From this point, almost half-way through the span of human history as we know it, the apparently hopeless course of humanity was checked and an upward trend, the infusion of some hope of better things, is discernible. It is true that the evil propensities of the human character still had free range, and in many respects the wickedness and cruelty of men continued to increase, but there was a new spirit and a new incentive in the hearts of some, even though only a few, a spirit that was destined to extend its influence and capture the hearts and inspire the lives of an increasing number as the years passed by. For a long time, so far as one can gather from the record in the Bible, which is the only detailed history of those days still in existence, this consistent seeking for the knowledge of God’s plans and this intelligent giving of the heart and the life to God in full consecration of purpose and endeavour, which had been so characteristic of Abraham, was limited principally to his own direct line of descendants—and not all of them. Abraham, Isaac, Jacob, Joseph and his brethren, were men of faith, but their faith was a simple one, their lives built around little more than a complete and unreserved acceptance of the absolute supremacy of God in the world and affairs of men. But that was an important advance, a very necessary foundation for the more detailed knowledge of God and of His plans that was soon to follow. To the people before Abraham God was known as El Elyon—the Most High. To Abraham and the patriarchs He was El Shad-dai—the Almighty. To Moses and the Israelites He was Yahweh—the Eternal, but that last conception required the attainment of a stage of development which had not been possible in the patriarchal age.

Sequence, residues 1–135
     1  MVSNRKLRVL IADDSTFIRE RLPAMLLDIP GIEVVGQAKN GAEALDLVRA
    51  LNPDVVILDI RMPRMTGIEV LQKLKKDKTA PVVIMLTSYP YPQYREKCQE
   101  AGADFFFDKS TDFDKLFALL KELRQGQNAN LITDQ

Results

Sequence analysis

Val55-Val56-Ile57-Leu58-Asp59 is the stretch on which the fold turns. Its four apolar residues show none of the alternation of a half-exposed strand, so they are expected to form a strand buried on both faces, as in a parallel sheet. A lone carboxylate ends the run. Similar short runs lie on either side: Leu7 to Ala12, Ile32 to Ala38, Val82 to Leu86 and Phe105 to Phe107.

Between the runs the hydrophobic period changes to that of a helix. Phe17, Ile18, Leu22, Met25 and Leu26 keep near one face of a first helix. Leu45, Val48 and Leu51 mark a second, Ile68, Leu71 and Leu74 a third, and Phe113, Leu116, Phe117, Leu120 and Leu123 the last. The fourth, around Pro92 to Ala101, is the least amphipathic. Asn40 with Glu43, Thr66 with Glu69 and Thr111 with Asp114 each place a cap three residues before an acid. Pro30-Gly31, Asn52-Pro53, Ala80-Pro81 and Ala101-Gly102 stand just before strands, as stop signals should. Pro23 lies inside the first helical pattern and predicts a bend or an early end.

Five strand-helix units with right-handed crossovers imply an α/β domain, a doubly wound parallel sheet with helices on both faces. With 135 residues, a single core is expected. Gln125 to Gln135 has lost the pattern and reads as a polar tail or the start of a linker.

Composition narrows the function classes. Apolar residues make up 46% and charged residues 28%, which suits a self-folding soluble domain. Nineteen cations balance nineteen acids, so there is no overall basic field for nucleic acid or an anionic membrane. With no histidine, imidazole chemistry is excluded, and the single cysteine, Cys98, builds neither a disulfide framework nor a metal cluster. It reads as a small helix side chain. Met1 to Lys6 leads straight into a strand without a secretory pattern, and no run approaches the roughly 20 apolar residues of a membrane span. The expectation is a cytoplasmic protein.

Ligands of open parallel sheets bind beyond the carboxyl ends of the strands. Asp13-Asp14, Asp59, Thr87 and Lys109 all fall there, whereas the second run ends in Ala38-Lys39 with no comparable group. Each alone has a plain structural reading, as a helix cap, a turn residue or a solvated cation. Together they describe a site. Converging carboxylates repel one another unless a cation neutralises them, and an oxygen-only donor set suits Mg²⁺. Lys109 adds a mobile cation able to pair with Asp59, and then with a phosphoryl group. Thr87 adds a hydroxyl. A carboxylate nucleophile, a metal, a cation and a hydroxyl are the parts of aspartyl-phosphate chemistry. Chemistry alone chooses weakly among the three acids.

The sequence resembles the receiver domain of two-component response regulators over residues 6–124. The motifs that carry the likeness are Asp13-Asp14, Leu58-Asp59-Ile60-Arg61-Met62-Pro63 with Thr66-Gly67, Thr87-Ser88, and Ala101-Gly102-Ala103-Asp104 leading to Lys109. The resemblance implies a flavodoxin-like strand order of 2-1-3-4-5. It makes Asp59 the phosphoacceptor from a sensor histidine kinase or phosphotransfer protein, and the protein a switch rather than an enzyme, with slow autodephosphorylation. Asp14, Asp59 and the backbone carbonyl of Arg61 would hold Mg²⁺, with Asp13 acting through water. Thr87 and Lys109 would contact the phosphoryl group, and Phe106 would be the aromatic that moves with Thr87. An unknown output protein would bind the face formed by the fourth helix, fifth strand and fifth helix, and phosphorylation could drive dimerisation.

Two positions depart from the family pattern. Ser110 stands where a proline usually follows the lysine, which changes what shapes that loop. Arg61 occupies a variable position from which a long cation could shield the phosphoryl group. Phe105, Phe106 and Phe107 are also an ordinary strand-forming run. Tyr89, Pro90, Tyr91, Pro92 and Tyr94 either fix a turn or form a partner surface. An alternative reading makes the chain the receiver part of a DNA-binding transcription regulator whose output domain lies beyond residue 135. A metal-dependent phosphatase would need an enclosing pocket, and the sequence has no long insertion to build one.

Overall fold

It was when the descendants of Jacob in the fourth generation, grown to a community of several millions of people, were ready to be welded into a nation that the next phase of the Divine plan was revealed. Moses led, from Egypt to Sinai, a mixed collection of tribes having little sense of unity and none of purpose, and only a very dubious belief in God. They had been born in Egypt, their fathers and grandfathers and great-grandfathers had been born in Egypt, and they knew of no other condition of life than that which was traditional to them in Egypt. They came out with Moses, not because they perceived a Divine leading and a Divine purpose in their coming out, but because life in Egypt had become intolerable and the opportunity of flight under Moses’ leadership offered a prospect of release. But away there in the desert of Sinai something happened! Moses led, from the historic mountain and toward the Promised Land, a people, a nation, welded together by the bond of a common ideal, a common purpose. “If you will indeed obey my voice and keep my covenant”, the Voice had said out of the darkness that covered the mountain, “you shall be my treasured possession…for all the earth is mine; and you shall be to me a kingdom of priests, and a holy nation”. (Exo.19. 5-6) To that the people had enthusiastically responded “all that the Lord hath spoken we will do”. The nation of Israel never really forgot that momentous beginning to their nation-hood. They never really repudiated the contract, although they violated its provisions scores of times. To this day the lineal descendants of the hosts that once surrounded Sinai, the Jews, claim the ancient privileges and proclaim themselves the “people of the Book”—a phrase invented by Muhammad, the prophet of Islam, in the seventh century A.D.—and look forward to the day when God will fulfil His word and make use of them to be a light to the nations, to declare His salvation to the ends of the earth.